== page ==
Hyde had rented the apartment for €950 a month as late as October 2016. In July 2021 it was sold at a distressed property auction for €121,000.
Receivers were appointed to dispose of apartment 30 Pope’s Hill; 16 Watergold and the land at Rathduff. There are pending transactions on two of the folios.
It is clear that Mr Hyde has benefited from arrangements whereby his creditors have accepted amounts less than they are owed.
Section 106 (13) of the Act states that – “(d) A person shall cease to be an ordinary member of the Board if he or she…
- makes a composition or arrangement with creditors”.
A composition is an agreement among the creditors of an insolvent debtor to accept an amount less than they are owed, in order to receive immediate payment.
Mr Hyde should have left the board when he made compositions and arrangements whereby his creditors have accepted amounts less than they are owed. He has brought ABP into disrepute by not resigning when he was so compromised. He has ceased membership of the board, even if he has somehow extricated himself from his financial messes. His membership is legally over. Clearly any party to proceedings of ABP can challenge any decision in which Mr Hyde has been involved since the first composition outlined above. This will be the subject of a separate complaint by me to the Standards in Public Office Commission which considers complaints about behaviour “inconsistent with the proper performance by the specified person of the functions of the office…or with the maintenance of confidence in such performance by the general public, and [where] the matter is one of significant public importance”.
All this means that ABP has no option but to overcome its inertia in facing up to Mr Hyde’s wide-ranging delinquencies.
- Ethics Legislation
According to the Ditch Mr Hyde signed off on a controversial build-to-rent development on which his brother’s company had worked, carrying out the emergency services access report. Both developments were met with objections by local residents.
ABP board members are required by the organisation’s code of conduct to “disclose any possible conflict of interest” when adjudicating on planning matters. When asked if was aware that a company directed by the deputy chairperson’s brother had worked on contested developments, ABP told The Ditch it “has no comment”. While it seems the relationship between Hyde and his brother’s company isn’t covered under ABP’s code it does seem to be embraced by ethics legislation which extends to “any body, organisation or group appointed by the Government or a Minister of the Government”.
Section 4 of the Standards in Public Office Act 2001 provides at (1): Where a person (“the complainant”) considers that—
(a) a specified person or a person who, in relation to a specified person, is a connected person [defined in Section 2 (2) (i) of the 1995 Ethics in Public office Act to mean a relative] may have done an act or made an omission … that is…such as to be inconsistent with the proper performance by the specified person of the functions of the office … or with the maintenance of confidence in such performance by the general public, and the matter is one of significant public importance… the complainant may make a complaint in relation to the matter to the Commission.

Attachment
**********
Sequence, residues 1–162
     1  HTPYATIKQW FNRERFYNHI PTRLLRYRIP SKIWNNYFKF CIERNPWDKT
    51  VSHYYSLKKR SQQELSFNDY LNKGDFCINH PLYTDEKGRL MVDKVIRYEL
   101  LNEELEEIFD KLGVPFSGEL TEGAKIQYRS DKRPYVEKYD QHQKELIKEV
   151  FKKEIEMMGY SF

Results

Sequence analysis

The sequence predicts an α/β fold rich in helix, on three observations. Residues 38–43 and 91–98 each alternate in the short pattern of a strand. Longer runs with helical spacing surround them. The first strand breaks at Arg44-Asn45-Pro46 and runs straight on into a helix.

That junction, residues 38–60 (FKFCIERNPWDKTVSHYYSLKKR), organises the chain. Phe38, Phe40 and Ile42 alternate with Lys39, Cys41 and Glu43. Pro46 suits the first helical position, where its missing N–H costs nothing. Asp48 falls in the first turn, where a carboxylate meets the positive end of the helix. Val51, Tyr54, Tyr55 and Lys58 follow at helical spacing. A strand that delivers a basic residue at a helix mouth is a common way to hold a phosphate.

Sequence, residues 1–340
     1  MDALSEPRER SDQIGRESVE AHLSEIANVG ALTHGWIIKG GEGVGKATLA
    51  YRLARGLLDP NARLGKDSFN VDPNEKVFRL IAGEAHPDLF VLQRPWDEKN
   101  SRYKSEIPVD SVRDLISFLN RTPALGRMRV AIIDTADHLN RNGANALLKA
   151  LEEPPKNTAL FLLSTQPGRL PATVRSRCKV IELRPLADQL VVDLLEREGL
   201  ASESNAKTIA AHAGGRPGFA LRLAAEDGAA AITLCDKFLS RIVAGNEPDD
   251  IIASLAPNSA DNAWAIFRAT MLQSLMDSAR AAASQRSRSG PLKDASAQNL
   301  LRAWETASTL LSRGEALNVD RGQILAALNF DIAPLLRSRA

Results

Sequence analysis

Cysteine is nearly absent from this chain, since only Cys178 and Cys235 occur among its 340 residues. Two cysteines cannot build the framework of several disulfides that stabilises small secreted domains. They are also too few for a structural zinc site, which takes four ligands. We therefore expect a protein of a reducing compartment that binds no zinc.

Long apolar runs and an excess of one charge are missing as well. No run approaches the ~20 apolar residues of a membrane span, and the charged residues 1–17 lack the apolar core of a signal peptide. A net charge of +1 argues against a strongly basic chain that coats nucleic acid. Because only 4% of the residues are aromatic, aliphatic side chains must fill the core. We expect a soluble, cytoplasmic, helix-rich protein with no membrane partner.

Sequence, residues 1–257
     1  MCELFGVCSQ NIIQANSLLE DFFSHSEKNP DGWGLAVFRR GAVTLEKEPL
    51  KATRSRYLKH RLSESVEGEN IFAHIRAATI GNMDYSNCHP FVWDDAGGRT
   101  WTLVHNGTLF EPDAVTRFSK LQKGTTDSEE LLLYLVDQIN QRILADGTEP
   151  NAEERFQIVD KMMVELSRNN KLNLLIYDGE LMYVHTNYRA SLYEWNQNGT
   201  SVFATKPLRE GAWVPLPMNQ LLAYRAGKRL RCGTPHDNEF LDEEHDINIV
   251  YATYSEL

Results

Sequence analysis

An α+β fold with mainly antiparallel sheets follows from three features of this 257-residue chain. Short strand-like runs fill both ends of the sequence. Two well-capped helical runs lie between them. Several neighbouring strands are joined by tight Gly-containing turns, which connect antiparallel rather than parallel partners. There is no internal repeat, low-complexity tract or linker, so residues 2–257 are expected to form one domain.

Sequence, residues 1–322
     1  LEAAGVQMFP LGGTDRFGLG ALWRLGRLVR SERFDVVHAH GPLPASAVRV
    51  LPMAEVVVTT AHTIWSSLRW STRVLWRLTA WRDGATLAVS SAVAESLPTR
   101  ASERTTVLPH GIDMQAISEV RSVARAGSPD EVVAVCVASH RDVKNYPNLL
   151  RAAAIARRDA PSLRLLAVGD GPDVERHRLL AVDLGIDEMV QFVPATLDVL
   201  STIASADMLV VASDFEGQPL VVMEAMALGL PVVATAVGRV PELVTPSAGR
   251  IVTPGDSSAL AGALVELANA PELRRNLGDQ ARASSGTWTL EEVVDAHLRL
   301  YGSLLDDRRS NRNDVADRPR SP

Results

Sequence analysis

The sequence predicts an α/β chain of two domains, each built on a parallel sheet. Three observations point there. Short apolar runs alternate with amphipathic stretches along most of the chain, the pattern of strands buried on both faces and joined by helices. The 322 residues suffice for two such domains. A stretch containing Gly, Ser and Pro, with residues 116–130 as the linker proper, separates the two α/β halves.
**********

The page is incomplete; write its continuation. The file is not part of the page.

An Bord Pleanála was reconstituted in 1976 in an Act that enshrined the highest standards of integrity. Mr Hyde has fallen short. Frankly it was never envisaged that ABP members would play the property game, at diverting levels of risk, while full-time and very well-paid members of its board. But the ethical issues for Mr Hyde are far more profound than just his diversion. Any reasonable person would say there is a danger of objective bias in his decision-making in circumstances where he owned land next to a site on which he was involved in making quasi-judicial decisions.
It is important that the board itself behaves properly and to the highest ethical standards in this instance. I note that in separate correspondence the board has confirmed that notices reminding members of the need to file declarations were sent out, for example, in January, February and September 2019. ABP appeared to defend Mr Hyde’s stance in not filing a return in correspondence with Sabrina Joyce-Kemper and others, in which ABP went out of its way to assert at that time that “it is not accepted [by the Board that the register] is not being properly maintained”. I note also that it was improper for ABP to refuse to confirm to The Ditch website, which initiated the scrutiny of Mr Hyde, whether he had disclosed the appointment of receivers to three of his investment properties.
It is important for maintenance of confidence in this important quasi-judicial organ of state that Mr Hyde does not drag down ABP with him. The broad tainting of the planning process has not extended to An Bord Pleanála for many years, in order to maintain public confidence it must demand probity of all its agents. My interest in this derives from the fact that as chairman of An Taisce, I was on the interview panel for the chairperson of ABP twenty years ago.
I am also making a complaint to the Standards in Public Office Commission about Mr Hyde.
It is submitted that there is ample evidence to prosecute Mr Hyde for offences under sections 147 and 148 of the Act. Furthermore he is, in law, no longer a member of ABP.
Please acknowledge receipt of this letter.
final Hyde Criminal Complaint Bord Pleanála Word PH Asset Schedule 15.04.14
PH S.147 Return 31.01.22
PH S.147 Return 31.01.17
PH S.147 Return 29.04.14
PH S.147 Return 26.01.15
PH S.147 Return 22.01.20
PH S.147 Return 19.01.18
PH S.147 Return 19.01.16
PH S.147 Return 14.01.19
PH S.147 Return 5.02.21
PH Asset Schedule 31.01.17
PH Asset Schedule 26.01.15
PH Asset Schedule 19.01.16
fwddeclarationsofinterestpaulhyde 24 Pope's Hill File (1)
Paul Hyde property searches file (1)
Rathduff Folio (1)
Courts Service Online Rathduff High Court proceedings (1)
Paul Hyde ABP Conflicts of Interest - Sheet1